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By David Selig and The Baltimore Sun | January 19, 2013
For many, the lasting image of Earl Weaver will be that of a fiery, short man kicking dirt and spewing his displeasure at an umpire. Weaver's personality - described as "combative," "irascible" and also "caring" - carried from his childhood to a lengthy stint in the minor leagues and then through a Hall of Fame managerial career with the Orioles and beyond. A timeline of Weaver's life: 1930: Earl Sydney Weaver is born Aug. 14 in St. Louis. Raised in a tough section of the city, Weaver's pugnacious personality developed early.
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By Kevin Cowherd and The Baltimore Sun | January 19, 2013
Earl Weaver was a reporter's dream-come-true. If you were a young columnist covering the Orioles in the early 80s, as I was for the old Evening Sun, you couldn't ask to be around a more colorful manager. You almost didn't have to talk to any of the players on those great Orioles' teams. Weaver would fill your notebook all by himself. With Weaver, baseball meant show-time and the ballpark was his theater. His hat-spinning, spittle-flying confrontations with umpires were legendary, some of the funniest bits of vaudeville I've ever seen in the game.
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Peter Schmuck | January 18, 2014
It's fairly obvious that if the new instant replay system had been in place 40 years ago, we would all remember Earl Weaver differently. No doubt, he still would have been one of the most successful managers in the history of baseball, but the irrascible personality that endeared him to a generation of Orioles fans would certainly have been muted by the ability to simply ask the umpires to look at the video replay, instead of going on...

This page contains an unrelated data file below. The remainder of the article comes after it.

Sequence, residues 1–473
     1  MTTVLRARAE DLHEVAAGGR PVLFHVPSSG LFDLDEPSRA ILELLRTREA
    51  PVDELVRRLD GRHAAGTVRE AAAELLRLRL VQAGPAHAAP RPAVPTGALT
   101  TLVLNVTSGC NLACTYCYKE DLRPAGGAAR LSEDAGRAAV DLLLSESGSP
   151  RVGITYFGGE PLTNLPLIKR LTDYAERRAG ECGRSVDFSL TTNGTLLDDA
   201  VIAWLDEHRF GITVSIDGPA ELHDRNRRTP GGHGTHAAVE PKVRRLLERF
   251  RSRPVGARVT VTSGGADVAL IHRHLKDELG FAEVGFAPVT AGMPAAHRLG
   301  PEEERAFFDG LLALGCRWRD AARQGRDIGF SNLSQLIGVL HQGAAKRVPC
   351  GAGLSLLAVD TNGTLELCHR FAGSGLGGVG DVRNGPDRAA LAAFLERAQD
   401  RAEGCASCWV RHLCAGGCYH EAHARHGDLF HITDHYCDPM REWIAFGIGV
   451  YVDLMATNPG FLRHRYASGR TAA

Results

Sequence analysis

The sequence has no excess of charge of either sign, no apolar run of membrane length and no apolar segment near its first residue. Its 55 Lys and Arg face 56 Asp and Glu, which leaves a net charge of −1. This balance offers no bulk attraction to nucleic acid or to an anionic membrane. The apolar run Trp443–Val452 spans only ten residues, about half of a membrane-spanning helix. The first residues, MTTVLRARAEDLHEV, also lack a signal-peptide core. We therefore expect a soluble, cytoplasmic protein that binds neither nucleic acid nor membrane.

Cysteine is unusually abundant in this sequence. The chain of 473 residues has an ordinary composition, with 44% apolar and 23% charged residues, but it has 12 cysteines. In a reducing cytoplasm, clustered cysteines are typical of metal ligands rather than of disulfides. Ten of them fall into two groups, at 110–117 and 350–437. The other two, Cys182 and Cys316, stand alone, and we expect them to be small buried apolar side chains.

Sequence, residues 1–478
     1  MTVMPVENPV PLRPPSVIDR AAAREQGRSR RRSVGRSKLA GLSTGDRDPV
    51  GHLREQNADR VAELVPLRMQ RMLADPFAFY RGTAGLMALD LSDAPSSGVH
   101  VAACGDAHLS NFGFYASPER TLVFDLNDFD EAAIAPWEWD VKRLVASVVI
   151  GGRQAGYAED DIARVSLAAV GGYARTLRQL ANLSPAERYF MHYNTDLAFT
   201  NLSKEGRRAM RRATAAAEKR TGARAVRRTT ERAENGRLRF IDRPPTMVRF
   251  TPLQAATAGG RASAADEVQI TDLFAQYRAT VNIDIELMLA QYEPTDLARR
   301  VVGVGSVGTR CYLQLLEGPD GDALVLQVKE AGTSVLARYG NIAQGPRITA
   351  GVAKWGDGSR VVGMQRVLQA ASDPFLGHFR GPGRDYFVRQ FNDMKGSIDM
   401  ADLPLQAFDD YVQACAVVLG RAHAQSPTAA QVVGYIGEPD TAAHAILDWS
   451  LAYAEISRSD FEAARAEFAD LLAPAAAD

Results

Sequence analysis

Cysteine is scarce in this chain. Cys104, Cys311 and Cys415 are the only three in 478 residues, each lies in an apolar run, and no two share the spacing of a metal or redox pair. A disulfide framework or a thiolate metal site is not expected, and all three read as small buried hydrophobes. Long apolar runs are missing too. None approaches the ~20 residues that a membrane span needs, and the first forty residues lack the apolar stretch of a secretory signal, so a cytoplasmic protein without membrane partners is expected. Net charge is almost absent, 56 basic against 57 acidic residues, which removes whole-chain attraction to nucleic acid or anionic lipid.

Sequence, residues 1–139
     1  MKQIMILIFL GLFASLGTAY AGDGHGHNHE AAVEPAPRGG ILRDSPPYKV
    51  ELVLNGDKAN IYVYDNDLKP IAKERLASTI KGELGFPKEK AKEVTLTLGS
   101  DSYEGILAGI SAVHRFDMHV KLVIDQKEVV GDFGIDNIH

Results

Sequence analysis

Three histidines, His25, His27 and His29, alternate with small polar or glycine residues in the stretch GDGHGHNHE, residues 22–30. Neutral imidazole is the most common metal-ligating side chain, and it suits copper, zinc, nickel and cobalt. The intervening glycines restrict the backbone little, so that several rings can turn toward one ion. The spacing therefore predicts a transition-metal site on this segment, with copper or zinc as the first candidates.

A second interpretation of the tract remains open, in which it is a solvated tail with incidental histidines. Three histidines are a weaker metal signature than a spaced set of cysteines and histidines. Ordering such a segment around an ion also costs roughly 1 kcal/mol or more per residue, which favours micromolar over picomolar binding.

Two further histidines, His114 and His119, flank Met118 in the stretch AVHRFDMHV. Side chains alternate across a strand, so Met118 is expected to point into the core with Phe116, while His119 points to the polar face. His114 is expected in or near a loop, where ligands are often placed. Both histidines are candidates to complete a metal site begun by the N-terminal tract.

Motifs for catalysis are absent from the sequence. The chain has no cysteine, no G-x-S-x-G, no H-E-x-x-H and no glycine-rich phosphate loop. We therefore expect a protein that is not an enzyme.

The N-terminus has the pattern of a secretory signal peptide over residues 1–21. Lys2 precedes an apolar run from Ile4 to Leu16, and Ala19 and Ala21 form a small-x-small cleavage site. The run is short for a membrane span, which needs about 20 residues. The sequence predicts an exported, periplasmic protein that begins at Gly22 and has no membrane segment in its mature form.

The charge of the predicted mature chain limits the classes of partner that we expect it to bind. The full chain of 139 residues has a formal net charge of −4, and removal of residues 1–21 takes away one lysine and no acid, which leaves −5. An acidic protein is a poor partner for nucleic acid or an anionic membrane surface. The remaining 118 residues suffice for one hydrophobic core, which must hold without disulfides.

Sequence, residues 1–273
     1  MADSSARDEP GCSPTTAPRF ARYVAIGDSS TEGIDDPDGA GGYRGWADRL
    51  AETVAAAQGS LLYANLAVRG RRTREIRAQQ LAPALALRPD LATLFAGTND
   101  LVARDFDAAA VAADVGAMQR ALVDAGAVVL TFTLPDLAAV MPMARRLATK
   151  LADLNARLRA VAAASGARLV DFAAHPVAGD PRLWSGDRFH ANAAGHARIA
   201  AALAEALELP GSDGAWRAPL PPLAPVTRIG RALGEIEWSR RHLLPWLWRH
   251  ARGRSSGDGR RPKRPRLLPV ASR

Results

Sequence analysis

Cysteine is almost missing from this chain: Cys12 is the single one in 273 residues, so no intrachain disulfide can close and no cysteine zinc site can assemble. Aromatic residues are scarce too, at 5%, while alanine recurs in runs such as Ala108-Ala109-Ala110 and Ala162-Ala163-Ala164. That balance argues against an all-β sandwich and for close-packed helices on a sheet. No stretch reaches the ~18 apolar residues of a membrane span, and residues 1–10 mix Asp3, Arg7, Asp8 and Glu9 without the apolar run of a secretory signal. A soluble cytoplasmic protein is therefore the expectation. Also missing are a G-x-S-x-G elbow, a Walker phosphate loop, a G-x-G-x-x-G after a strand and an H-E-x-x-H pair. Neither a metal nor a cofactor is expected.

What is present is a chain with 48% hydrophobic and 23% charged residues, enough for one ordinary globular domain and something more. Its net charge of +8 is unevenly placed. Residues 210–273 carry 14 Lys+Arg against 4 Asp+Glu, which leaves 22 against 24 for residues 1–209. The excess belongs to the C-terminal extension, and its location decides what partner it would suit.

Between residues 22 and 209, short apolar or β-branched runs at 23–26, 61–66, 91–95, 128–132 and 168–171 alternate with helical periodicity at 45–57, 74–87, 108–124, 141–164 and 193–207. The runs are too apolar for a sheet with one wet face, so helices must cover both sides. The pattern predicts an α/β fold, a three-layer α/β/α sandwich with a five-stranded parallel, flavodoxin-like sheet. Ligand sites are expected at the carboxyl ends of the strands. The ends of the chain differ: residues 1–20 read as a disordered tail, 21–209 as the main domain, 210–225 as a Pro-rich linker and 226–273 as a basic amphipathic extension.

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By Mike Klingaman and Peter Schmuck and The Baltimore Sun | January 19, 2013
Earl Weaver penned his own epitaph. “On my tombstone just write, 'The sorest loser that ever lived,' “ he once said. Weaver, the Orioles' chain-smoking, umpire-baiting, tomato-growing manager who led the team to four American League pennants and the 1970 world championship in his 17 years here, died late Friday night while on a baseball-themed cruise. The Orioles confirmed his death Saturday morning but did not release a cause. The Hall of Famer, who lived in Pembroke Pines, Fla., was 82. “Earl Weaver stands alone as the greatest manager in the history of the Orioles organization and one of the greatest in the history of baseball,” Orioles owner Peter Angelos said in a statement.